Even thinking about your career is a job in itself. While studying at the LSE, students are encouraged to think about and plan what they will do once they have graduated, whether that’s entering the corporate world, working for charity or government or pursuing academia. What can you expect, what should you plan for and when should you start? At this crucial time of year, we have interviewed two PBS graduates, now PhD candidates, to see what they did, what they are doing now and what tips they have for getting started successfully on the right career path in academia, teaching and research.

*These interviews form part one. More interviews across a variety of sectors will follow.

Celestin Okoroji is PhD candidate and a former student in MSc Social and Cultural Psychology.

Why did you study MSc Social and Cultural Psychology?

When I came to LSE I studied MSc Social and Cultural Psychology. Before that I worked in local government for a couple of years doing policy and project management. And even before that I studied psychology at undergraduate level at Brunel university.

What are you doing now?

At the moment I’m working on my PhD in social psychology here at LSE. When I was accepted onto the MSc I was shocked and once I arrived I knew my long term goal would be to complete my PhD in the department. I felt (and still feel) that there are important questions that social psychology wasn’t trying to answer and therefore I might as well be the one to try. My work focuses on the social psychological consequences of unemployment, which in the past has been mostly approached at the individual level. I try to offer an alternative to that.

When did you start thinking about your career?

To be honest I’m still thinking about it. I’ve already had a little bit of a career in local government and a bit of experience in teaching. In some ways academia just seems to offer the things I’ve already been doing but in a neater package. So I get to teach, I get the intellectual challenge and (at least in my area) to consider the policy ramifications of my work and how it might effect people in real world contexts. My advice to others though would be to think about what kind of thing you would do for free if money was no object. Whatever that thing is, head for that.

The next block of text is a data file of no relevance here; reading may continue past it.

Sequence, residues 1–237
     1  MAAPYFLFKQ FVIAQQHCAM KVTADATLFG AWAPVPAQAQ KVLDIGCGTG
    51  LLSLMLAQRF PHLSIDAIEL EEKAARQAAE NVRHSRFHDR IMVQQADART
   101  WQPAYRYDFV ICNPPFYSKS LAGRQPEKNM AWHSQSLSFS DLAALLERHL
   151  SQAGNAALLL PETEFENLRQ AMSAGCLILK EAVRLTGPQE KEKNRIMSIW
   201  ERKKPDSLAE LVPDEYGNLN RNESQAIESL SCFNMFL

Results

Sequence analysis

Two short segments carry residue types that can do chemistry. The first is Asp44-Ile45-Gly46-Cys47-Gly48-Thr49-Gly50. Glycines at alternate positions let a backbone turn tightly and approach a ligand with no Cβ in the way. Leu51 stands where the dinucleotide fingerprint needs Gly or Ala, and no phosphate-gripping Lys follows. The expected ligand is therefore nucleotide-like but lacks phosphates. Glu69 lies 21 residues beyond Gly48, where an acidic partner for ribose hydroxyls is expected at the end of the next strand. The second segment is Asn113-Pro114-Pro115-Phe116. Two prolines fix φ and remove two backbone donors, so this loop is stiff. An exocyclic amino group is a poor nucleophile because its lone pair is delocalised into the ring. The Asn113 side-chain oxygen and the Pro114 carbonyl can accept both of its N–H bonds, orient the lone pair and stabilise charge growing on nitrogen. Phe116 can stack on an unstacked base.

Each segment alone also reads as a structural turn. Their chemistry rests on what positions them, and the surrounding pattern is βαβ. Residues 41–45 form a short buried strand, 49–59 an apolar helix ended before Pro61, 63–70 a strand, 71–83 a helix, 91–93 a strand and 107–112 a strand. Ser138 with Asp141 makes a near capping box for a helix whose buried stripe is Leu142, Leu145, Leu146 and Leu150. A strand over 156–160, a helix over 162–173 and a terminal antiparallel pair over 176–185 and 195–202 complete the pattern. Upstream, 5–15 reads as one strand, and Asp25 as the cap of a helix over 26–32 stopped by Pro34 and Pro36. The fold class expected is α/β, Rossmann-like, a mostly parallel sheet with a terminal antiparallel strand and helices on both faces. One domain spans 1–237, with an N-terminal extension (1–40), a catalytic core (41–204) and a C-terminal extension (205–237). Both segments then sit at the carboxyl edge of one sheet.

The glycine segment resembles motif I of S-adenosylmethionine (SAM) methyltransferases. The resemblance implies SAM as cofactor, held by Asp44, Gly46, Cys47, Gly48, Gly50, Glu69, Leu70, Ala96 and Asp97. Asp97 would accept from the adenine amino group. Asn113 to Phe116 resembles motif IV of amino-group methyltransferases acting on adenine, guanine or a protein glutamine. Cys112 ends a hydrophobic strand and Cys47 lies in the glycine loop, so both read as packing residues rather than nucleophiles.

What LSE resources did you find useful while you were a student to help you with what you are doing now?

There are many resources at LSE including a great LSE Life service, a huge library and regular access to academics. But, at least for me, the greatest resource was other students. Learning from them and thinking through issues with them helped to shape my own work but also my broader outlook on social psychology.

What skills are you using in your work that you picked up from your MSc? 
Having been out of education for a while before my MSc, I refreshed a lot of skills and picked up new ones. Most obviously, writing for academia which is quite different from writing policy or writing for a wider public audience. But I’m also using many of the methodology skills I learnt on the course from thematic analysis to regression. I also had to figure out a lot of ways to manage my work load and work smart which I still use now during my PhD.

What are your top tips for current MSc students thinking and planning their careers?

Start early, if you know where you want to go after the MSc then incorporate that into your dissertation and your half-unit options. But if you don’t then don’t stress, learning is an end in itself and just by being here and learning with your peers your likely to be inspired with new ideas for the future.

If you know you want to do a PhD then try to get some general ideas down on paper as soon as possible. Consider what kind off theoretical tools you are likely to use and what the empirical domain is. Then seek out academics whose research interests align with yours and strike up a conversation. The next steps will unfold from there. But if in doubt there are plenty of PhDs in our department, including me, who will be willing to talk you through all the steps. Good luck!